Dear Russel (Baker that is):
I just read your letter and was surprised you even saw
Steal This Booksince no major newspaper, including that well known spokesman for free speech, the New York Times, will accept an ad for the book. None-the-less, the boys down at AT&T must be happy to know they have a friend at the Times. It's true even us yippies don't wish to hatch our coast-to- coast conspiracies using dixie cups with waxed string stretched between them. But if our efforts to sabotage the phone company by teaching people how to make calls free are the "dumbest rip off" then AT&T itself must be engaged in the smartest rip off. Last year their revenues amounted to about 17 billion dollars, give or take a few dimes. They made a 7.6% rate of return on their bread, which in a recession is pretty damn good. To say they function as a cut throat monopoly would be understating the case. I refer you to the excellent book called "Monopoly" by Joseph C. Goulden ($.95 Pocket Books) for a devastating account of the world's largest corporation. Witness their central role in the military-industrial complex! Laugh off their defiance of citizens and governmental attempts to hold down phone rates! Smile courteously when waiting three hours to complete your next long-distance call! Nod like a robot the next time they explain how they are controlled by their shareholders and customers! To defend their efficiency only leads me to believe you never use the phone. It's a bit unfair to compare the system here to Bul- garia or Greece or even an underdeveloped nation such as England. AT&T's current assets are estimated at 50 billion dollars, which is not exactly pocket change for most countries in the world. Even so, the systems of Sweden and Denmark seem to function better, especially with the speed in which they phase out obsolete equipt- ment. I should also point out that Cuba has an entirely free phone system; and that, Russell, is the point of the whole monkey business of Steal This Book in general. Yippies think you judge the goodness of nations by their goals. As the level of the tech- nological development increases, the costs should decrease with the goal being to make everything produced in a society free to all the people, come who may. Neat, huh? Until AT&T and the other corporations really become public services rather than power and profit gobblers, we'll continue to rip them off every chance we get. If you wand to discuss this further, call me up sometime. Because of all the agencies claiming to have me under surveillance, it's one of the fastest ways to speak directly to your government.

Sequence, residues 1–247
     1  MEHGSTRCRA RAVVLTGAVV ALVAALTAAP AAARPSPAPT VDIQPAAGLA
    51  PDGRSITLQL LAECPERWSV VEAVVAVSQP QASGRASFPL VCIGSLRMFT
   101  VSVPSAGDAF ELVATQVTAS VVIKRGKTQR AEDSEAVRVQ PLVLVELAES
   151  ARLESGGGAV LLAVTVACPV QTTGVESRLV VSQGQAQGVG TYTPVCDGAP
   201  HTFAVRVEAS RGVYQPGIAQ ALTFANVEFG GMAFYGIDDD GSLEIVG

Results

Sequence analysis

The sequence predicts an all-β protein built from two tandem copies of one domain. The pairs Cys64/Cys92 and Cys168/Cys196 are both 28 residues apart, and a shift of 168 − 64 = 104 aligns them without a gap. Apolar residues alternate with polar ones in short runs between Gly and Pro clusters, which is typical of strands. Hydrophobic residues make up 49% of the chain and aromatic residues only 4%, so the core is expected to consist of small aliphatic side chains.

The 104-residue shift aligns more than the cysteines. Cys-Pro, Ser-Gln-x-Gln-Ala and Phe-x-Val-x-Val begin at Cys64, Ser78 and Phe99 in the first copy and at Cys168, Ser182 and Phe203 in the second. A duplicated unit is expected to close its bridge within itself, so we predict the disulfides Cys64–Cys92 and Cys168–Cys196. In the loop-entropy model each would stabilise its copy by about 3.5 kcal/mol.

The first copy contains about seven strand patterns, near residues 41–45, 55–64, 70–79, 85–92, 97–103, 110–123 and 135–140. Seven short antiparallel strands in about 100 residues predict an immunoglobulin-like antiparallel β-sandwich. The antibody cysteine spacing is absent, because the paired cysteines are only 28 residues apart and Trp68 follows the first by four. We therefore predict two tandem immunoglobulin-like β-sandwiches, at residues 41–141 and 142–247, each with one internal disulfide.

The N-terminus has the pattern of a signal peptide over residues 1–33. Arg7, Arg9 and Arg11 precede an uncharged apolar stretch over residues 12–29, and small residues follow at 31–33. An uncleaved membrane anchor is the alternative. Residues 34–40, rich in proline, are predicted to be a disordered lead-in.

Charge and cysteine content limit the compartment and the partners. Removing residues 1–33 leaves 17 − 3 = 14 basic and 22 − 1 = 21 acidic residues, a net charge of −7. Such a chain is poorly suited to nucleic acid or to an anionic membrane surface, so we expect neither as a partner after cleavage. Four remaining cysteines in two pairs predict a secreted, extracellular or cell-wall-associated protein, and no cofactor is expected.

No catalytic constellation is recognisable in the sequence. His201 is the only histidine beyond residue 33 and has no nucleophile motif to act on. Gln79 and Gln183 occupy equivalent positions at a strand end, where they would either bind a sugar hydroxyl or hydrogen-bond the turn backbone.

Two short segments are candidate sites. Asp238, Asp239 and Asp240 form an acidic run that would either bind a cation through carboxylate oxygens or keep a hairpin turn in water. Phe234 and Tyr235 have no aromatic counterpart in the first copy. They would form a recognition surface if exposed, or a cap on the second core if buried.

Your voice with a smile, Abbie Hoffman
Steal This Book